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Smallville: Silence

Smallville: Silence

Writer: Nancy Holder
Cover Design: Don Puckey
Book Design: L&G McRee

Published by: Aspect and Warner Books (November 2003)

Reviewed by: Aaron Thall

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Chloe's overeagerness to break a big story blows up in her face in the worst way possible. A respected teacher is stepping down, and she's stumbled upon an apparent reason why: the teacher was supposedly selling drugs. But even as Clark and Pete convince her not to go ahead with the story, for fear the man's family doesn't know, word gets out. Suddenly, Chloe discovers that she misunderstood, and inadvertantly destroyed a family. The teacher commits suicide, and the son threatens her life.

Meanwhile, in Haiti, a Luthorcorp pact with the local government and military has birthed a literal zombie nightmare. A single volunteer escapes both the zombies and the military, and makes her way to Smallville, where she is forced to turn to Lex Luthor for help.

At the same time, an ex-con and his daughter mover to Smallville. The daughter, Rebecca, is terribly afraid that no one will trust her once they discover the truth. Chloe soon does, but after what happened only days prior, withholds the information. What neither of the girls knows, however, is that the father has far more to answer for than mere robbery.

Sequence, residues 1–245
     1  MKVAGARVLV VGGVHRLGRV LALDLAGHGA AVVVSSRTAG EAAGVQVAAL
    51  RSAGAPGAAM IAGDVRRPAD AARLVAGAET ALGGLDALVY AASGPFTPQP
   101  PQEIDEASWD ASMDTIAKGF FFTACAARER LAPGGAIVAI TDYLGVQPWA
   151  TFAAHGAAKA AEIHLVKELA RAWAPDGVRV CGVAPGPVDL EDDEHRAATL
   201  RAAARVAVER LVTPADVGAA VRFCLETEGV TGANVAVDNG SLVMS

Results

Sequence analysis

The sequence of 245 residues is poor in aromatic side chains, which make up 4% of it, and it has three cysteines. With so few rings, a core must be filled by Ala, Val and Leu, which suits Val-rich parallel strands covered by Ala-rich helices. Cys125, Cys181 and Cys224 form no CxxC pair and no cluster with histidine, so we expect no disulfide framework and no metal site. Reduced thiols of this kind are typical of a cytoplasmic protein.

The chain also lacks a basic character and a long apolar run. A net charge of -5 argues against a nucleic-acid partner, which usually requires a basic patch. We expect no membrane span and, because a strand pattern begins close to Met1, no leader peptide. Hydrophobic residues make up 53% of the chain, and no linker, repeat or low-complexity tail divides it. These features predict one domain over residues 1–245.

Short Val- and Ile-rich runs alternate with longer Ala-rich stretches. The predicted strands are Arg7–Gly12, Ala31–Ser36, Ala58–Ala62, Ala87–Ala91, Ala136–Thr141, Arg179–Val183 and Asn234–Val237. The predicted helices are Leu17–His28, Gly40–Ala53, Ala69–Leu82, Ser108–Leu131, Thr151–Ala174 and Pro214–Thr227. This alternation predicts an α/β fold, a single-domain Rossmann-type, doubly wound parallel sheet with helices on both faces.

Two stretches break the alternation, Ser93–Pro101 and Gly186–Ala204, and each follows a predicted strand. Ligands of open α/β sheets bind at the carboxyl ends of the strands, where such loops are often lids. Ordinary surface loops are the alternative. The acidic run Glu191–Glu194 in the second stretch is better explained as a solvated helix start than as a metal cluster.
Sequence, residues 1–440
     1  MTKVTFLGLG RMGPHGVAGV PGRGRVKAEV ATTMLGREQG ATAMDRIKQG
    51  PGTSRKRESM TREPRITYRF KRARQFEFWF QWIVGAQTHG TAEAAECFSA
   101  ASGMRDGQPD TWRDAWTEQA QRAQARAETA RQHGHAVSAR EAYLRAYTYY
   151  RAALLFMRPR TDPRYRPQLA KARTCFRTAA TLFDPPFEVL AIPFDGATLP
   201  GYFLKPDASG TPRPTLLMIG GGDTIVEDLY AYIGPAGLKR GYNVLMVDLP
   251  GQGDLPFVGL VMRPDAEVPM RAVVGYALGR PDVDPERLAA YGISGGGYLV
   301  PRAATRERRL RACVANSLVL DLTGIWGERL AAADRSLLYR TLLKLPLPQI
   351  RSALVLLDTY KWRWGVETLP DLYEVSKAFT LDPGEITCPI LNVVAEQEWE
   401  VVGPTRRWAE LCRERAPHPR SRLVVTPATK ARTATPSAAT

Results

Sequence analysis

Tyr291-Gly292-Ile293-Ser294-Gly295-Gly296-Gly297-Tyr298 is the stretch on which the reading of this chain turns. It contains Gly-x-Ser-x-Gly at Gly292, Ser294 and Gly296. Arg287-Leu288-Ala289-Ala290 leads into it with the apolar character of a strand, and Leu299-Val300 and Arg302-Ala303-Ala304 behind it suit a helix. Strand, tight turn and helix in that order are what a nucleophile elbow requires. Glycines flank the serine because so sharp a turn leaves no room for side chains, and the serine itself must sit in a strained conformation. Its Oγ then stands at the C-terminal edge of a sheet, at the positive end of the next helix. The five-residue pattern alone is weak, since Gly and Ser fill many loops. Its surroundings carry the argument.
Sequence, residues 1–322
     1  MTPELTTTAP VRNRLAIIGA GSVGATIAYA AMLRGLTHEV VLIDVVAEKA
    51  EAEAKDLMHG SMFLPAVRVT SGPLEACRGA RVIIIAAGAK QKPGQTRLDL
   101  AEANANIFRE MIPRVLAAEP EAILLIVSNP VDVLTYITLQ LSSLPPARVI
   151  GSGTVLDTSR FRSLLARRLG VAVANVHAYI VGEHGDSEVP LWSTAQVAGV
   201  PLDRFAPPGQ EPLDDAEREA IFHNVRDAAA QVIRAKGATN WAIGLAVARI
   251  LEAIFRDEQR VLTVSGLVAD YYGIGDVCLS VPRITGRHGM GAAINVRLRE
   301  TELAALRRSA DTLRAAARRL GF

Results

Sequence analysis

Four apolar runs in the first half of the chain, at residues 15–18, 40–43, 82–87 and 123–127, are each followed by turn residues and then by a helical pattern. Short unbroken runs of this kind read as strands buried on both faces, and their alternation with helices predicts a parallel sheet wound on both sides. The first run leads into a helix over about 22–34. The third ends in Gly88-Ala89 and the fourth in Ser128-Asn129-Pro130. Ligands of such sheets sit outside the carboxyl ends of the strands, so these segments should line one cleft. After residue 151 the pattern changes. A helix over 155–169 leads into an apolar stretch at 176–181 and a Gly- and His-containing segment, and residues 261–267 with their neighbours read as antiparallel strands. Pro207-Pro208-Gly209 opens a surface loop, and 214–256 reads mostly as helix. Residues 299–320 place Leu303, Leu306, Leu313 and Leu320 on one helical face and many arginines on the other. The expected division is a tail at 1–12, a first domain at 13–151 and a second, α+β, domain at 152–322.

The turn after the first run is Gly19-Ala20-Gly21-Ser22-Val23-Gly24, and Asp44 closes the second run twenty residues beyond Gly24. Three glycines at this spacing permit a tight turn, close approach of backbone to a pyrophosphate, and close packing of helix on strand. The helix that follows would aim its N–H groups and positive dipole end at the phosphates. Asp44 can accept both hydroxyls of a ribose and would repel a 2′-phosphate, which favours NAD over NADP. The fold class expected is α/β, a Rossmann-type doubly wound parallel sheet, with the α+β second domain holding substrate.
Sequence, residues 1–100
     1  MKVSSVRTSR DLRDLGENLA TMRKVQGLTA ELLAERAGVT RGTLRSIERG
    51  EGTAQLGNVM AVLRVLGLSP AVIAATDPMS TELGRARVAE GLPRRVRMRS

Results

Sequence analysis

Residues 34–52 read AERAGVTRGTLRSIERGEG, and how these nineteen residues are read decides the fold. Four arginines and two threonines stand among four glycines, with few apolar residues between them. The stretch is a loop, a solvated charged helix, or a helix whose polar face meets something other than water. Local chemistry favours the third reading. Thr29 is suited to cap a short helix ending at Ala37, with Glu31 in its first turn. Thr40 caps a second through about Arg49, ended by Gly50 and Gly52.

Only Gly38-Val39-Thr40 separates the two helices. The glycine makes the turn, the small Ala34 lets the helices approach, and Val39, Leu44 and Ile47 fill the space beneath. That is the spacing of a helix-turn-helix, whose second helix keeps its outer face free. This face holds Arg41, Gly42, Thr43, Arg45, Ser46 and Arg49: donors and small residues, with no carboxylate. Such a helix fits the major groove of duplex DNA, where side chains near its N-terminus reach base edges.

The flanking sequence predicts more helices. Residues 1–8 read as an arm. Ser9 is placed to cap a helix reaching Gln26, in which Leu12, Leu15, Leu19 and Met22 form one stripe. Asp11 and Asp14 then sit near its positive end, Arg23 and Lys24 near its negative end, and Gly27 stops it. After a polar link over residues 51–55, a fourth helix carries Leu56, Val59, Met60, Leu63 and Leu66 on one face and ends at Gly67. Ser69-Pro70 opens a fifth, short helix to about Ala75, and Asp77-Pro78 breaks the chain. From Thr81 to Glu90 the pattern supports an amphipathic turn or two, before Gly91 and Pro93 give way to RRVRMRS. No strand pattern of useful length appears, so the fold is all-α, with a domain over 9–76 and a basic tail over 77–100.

Soon, a zombie soil sample is stolen from Lex's mansion, and as zombies begin to rob stores in town, mercenaries hired by the zombie conspirators arrive to eliminate the volunteer and her evidence.

But Clark is preoccupied. Martha falls ill, and is rushed to the hospital. And Pete becomes infected with the Zombie illness. To save his friends, family, and home, Clark will have to race around the world to find a cure, but what can he do against Kryptonite infected living dead... and Lionel Luthor?

4Story - 4: It goes without saying from the review that Clark really doesn't get as much play here as in the other novels. Aside from racing around the world, he really can't do too much to help in this situation. No, this is more a story for Chloe and Lex, and they carry it well. Chloe learns a tragic lesson in journalistic responsibility, and Lex displays both intelligence and admiration.

However, I simply do not buy much of the resolution. Martha's illness is largely a distraction. Pete's rescue comes from the most unlikely source of all. It's like Holder looked at the corner she'd written herself into, and then had one of the villains do a 180 to make everything turn out all right. I simply can't buy it.

The side story about Rebecca and her father was very sad. You want to believe that the man is innocent of these new crimes, but it's very much a case of "be careful what you wish for".

If the novel had focused more on Chloe's tragic mistake, it would have been a fantastic story. As it is, the sheer ludicrousness of having zombies running around the town makes it merely above average.

4Cover Art - 4: Lana kneeling before her parents' grave. Pity Lana never did that in the novel. To be fair, there IS a graveyard in the story, and a LOT of mourning. They're still trying with the covers, but this one just didn't quite do it.

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